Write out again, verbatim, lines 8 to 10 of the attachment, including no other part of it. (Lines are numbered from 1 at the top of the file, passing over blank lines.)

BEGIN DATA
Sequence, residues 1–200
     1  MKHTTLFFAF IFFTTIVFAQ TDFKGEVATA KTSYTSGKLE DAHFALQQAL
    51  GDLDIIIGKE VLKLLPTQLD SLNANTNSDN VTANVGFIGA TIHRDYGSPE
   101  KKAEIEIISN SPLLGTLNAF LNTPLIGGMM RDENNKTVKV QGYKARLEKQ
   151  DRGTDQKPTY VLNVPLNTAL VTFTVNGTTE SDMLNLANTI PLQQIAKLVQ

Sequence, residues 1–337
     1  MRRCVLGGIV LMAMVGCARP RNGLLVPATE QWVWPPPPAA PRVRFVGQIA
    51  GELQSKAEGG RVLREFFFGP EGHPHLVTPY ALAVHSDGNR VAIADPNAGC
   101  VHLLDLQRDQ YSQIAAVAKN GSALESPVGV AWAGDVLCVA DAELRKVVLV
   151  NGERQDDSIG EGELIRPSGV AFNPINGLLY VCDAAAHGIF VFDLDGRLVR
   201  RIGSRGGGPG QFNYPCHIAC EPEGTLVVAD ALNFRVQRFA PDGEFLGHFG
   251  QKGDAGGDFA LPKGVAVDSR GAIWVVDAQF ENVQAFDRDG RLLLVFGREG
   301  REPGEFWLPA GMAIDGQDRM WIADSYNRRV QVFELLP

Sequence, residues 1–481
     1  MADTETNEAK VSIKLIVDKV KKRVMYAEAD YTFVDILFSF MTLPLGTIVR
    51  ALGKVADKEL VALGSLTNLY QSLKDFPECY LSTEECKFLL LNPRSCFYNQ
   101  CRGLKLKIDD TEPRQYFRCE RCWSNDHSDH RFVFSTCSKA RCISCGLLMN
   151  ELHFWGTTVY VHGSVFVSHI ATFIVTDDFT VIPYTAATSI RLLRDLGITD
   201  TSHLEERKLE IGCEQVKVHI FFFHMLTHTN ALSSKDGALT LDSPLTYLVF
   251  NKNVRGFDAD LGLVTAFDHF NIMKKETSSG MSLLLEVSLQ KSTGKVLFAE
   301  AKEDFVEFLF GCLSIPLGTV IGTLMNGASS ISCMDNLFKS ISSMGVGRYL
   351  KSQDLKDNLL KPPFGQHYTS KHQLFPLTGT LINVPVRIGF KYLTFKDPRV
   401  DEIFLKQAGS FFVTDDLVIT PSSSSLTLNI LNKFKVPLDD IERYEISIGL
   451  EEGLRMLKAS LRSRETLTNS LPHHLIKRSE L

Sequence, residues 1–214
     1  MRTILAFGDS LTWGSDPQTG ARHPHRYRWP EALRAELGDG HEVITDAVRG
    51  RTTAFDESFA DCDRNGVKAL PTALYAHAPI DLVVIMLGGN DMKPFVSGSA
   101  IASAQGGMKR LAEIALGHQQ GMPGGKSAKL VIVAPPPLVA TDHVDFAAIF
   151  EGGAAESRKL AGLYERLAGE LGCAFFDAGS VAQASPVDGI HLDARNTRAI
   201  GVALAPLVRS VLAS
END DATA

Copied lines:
    51  GELQSKAEGG RVLREFFFGP EGHPHLVTPY ALAVHSDGNR VAIADPNAGC
   101  VHLLDLQRDQ YSQIAAVAKN GSALESPVGV AWAGDVLCVA DAELRKVVLV
   151  NGERQDDSIG EGELIRPSGV AFNPINGLLY VCDAAAHGIF VFDLDGRLVR